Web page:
# Basic Drafting Question(s)

Discussion in 'Boat Design' started by Clinton B Chase, Jan 19, 2008.

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### Clinton B ChaseSenior Member

I've been drawing boats for a couple years yet still struggle with setting up a very accurate grid. I have struggled getting it right by using my plastic triangles and using two together to erect perpendiculars off my LWL. I just can't seem to get them truly perpendicular. I use 12" triangles, one long the baseline or LWL and then the other set up flush against it to make a perpendicular. I am quite accurate with my lines. Yet when I double check the perp that I had just drawn it is not exactly perp to the LWL. I have checked the triangles with a steel engineer square and did find one was off. I sighted my drafting table and did notice it is not flat; it sags in the middle. It is very frustrating. Advise would be great!

Cheers,
Clint Chase

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### timgozSenior Member

Clint,

Have you tried parallel rulers, such as used for chart work? Obviously, your non-flat table is going to present challenges with obtaining accuracey. Same goes for the triangle that is 'off'.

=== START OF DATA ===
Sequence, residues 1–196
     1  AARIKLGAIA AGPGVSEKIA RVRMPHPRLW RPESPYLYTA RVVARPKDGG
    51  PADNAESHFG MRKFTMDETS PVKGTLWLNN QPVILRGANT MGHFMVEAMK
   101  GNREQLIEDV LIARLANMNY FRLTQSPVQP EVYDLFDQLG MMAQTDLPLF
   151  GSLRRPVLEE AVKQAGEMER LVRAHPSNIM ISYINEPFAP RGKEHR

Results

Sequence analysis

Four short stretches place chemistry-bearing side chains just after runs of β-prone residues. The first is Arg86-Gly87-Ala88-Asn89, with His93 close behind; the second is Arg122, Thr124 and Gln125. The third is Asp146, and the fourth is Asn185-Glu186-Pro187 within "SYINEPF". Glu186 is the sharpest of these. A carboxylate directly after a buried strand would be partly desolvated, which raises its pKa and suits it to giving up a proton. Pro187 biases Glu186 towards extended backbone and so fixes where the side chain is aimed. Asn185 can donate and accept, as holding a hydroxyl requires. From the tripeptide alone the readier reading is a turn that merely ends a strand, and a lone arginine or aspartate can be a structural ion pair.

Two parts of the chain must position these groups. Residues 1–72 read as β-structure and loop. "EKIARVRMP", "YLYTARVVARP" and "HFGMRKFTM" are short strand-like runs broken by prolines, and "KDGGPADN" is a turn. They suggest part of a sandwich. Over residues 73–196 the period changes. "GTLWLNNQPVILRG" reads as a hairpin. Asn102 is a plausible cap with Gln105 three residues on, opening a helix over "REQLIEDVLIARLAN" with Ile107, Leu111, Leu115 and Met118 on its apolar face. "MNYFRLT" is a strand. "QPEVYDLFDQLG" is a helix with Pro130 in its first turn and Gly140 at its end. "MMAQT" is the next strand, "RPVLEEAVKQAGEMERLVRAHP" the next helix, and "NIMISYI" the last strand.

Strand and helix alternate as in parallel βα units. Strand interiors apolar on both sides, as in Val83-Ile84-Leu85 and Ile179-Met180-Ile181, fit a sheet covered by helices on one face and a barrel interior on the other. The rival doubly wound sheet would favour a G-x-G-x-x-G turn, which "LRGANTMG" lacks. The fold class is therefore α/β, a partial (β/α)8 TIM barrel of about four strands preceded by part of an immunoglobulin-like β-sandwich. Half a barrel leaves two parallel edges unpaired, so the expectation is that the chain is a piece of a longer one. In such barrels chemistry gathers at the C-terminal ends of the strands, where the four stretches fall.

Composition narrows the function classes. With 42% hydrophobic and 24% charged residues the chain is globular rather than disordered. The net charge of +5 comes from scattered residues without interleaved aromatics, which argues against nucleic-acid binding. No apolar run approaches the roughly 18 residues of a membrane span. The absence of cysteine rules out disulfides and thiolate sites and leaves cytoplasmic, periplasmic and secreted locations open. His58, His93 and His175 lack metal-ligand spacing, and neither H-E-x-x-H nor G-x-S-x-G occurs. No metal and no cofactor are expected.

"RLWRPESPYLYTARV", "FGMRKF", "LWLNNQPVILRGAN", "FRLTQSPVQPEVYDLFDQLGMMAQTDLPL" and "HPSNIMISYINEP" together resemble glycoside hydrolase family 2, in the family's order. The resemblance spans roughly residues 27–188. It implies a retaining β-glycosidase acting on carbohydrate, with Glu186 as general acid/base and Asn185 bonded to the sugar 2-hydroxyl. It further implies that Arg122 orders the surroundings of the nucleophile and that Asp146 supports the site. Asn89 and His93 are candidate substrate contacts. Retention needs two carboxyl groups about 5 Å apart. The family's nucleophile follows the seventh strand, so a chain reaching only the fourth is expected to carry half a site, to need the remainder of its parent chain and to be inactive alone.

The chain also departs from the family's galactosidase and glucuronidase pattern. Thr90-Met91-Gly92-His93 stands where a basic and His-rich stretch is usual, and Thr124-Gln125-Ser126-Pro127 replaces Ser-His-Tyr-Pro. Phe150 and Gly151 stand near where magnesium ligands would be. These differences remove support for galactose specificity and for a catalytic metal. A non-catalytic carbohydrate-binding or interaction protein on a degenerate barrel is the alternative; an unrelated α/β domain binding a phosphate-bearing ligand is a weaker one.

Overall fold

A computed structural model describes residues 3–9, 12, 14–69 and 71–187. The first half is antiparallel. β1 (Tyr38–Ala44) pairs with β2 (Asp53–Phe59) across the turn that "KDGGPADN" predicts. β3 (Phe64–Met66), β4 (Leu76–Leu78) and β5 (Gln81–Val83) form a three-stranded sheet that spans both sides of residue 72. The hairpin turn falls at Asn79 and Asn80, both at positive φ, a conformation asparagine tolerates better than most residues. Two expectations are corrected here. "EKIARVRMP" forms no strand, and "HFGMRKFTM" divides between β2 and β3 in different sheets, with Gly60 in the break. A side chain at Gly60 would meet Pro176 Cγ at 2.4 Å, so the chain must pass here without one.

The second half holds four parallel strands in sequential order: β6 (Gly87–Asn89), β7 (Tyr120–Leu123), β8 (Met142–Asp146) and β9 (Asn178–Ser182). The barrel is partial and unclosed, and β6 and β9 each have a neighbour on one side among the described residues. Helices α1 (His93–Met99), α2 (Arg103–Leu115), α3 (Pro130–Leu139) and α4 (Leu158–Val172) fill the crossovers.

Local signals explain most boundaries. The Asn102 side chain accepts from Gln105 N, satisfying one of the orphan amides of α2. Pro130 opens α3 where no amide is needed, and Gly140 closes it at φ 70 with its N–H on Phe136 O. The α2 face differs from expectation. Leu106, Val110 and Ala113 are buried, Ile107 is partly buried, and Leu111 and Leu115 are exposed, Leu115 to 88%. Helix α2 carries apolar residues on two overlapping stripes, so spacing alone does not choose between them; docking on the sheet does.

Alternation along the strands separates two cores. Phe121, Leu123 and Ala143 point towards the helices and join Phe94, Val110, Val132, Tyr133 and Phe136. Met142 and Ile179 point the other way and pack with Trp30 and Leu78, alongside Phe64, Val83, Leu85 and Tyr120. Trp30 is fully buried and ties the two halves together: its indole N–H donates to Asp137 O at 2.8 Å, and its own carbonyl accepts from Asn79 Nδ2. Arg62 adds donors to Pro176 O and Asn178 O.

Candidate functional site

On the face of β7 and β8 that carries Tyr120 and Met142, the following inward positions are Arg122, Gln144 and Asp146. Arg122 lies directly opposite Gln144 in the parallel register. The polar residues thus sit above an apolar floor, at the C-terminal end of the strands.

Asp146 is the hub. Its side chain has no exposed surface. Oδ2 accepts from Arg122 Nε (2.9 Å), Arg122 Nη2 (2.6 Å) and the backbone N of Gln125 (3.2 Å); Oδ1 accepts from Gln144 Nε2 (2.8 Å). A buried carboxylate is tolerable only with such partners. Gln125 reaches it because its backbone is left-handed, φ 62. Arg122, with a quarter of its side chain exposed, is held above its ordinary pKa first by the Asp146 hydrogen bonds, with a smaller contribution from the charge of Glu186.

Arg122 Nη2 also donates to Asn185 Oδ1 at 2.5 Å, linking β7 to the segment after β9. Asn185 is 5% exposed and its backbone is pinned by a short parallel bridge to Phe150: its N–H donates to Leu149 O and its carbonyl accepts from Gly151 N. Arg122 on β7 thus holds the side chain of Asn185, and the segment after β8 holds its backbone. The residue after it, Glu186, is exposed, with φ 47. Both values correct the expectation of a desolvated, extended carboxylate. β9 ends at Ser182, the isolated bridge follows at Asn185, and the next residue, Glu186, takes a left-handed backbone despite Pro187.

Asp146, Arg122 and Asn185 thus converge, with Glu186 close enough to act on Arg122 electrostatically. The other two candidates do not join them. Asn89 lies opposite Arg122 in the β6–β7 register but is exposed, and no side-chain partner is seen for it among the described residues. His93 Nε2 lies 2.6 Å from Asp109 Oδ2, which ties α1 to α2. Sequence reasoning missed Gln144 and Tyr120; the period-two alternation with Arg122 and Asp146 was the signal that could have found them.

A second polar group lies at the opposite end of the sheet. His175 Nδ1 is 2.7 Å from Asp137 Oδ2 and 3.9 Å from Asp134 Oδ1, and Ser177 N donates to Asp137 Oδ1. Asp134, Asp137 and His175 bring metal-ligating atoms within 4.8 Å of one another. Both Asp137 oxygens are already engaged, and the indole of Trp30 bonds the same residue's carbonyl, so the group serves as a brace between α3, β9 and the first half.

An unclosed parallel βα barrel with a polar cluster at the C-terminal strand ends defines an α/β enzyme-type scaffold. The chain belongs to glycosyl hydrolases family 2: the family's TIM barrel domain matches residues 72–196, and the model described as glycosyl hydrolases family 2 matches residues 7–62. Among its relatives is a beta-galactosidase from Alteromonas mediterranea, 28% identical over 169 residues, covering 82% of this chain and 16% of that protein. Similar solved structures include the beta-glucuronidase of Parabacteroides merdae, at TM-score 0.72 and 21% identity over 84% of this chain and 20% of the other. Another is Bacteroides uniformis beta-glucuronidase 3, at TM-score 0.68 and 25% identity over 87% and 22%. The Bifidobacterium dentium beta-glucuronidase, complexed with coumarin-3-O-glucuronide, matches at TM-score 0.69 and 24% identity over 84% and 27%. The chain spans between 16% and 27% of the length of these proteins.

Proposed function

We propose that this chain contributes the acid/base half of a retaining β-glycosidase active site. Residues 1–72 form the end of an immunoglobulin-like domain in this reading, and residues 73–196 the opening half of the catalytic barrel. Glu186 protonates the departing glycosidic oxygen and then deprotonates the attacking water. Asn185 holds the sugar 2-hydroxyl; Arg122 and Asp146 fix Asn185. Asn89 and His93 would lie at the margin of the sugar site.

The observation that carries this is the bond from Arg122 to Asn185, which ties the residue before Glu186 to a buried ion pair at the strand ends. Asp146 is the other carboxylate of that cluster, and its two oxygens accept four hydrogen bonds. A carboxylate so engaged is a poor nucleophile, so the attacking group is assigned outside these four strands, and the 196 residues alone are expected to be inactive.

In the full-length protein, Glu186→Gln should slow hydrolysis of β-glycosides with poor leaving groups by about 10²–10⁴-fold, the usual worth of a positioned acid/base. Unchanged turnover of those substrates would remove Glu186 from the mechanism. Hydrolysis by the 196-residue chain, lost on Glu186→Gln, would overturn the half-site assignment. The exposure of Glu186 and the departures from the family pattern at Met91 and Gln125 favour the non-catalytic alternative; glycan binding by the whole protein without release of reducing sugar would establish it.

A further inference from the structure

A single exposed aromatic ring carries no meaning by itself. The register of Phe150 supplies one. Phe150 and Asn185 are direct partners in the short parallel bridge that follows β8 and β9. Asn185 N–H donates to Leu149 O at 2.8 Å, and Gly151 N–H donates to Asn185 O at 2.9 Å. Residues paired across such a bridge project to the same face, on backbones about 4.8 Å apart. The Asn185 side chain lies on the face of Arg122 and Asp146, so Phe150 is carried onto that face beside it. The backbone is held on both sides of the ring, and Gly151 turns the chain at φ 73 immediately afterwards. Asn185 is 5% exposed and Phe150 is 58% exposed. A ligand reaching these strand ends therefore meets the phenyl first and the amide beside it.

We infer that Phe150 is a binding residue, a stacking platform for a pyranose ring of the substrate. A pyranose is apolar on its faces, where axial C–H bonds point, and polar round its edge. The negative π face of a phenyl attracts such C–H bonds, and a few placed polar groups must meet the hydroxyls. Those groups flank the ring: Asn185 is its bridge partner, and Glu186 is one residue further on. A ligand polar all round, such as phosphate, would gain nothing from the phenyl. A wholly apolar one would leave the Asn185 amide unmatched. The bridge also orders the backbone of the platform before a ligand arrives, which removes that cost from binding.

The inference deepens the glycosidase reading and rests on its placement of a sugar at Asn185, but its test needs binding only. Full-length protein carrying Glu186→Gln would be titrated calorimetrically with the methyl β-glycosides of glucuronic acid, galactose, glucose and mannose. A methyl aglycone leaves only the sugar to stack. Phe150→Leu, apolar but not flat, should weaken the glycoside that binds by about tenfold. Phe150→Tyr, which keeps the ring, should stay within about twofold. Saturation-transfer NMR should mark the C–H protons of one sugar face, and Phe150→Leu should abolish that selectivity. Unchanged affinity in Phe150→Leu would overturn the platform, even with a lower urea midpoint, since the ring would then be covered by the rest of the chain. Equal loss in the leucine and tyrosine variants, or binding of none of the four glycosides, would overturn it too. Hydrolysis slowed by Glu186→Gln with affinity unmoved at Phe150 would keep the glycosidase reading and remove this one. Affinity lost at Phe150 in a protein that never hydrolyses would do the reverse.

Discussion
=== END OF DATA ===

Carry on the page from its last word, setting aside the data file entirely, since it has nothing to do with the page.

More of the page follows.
The best instruments and equipment will allow your full potential to show through. Defective ones cannot help but hinder your work.

Take care up there. I've visited Portland on several occassions & really liked it.

Tim

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### LandlubberSenior Member

First thing first. With your square set on the base line, draw a vertical, then reverse the square and draw another vertical from the reversed square exactly from the same base point, if there is any off square in the set, then it will be obvious to you where the lines show a gap at the top.

Beyond that, it may simply be practice, because we have been doing parallel lines for a long time before the computers took over.

Keep trying, like using a sextant to get a fix, it will not happen overnight, but it will happen.

I am a shooter, always thought that I was fairly good, untill I learnt to benchrest, that was about 8 years ago, and I am still learning. Good luck.

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### alan whiteSenior Member

You have to have a flat table. Go to a used restaurant supply and buy a table. Try Bluecold for example (they're in the Portland book... Scarborough?). You can buy a good drafting machine on Ebay for short money.